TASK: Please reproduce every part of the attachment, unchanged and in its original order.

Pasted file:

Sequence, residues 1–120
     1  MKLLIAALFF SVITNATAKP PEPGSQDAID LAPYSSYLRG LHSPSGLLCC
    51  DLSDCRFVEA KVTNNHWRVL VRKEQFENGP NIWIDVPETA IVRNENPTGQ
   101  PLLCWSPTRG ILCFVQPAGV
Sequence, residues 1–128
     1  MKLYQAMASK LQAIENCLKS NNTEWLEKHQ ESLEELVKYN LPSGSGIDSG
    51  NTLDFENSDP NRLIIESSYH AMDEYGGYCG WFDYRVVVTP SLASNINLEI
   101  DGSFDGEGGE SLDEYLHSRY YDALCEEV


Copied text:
Sequence, residues 1–120
     1  MKLLIAALFF SVITNATAKP PEPGSQDAID LAPYSSYLRG LHSPSGLLCC
    51  DLSDCRFVEA KVTNNHWRVL VRKEQFENGP NIWIDVPETA IVRNENPTGQ
   101  PLLCWSPTRG ILCFVQPAGV
Sequence, residues 1–128
     1  MKLYQAMASK LQAIENCLKS NNTEWLEKHQ ESLEELVKYN LPSGSGIDSG
    51  NTLDFENSDP NRLIIESSYH AMDEYGGYCG WFDYRVVVTP SLASNINLEI
   101  DGSFDGEGGE SLDEYLHSRY YDALCEEV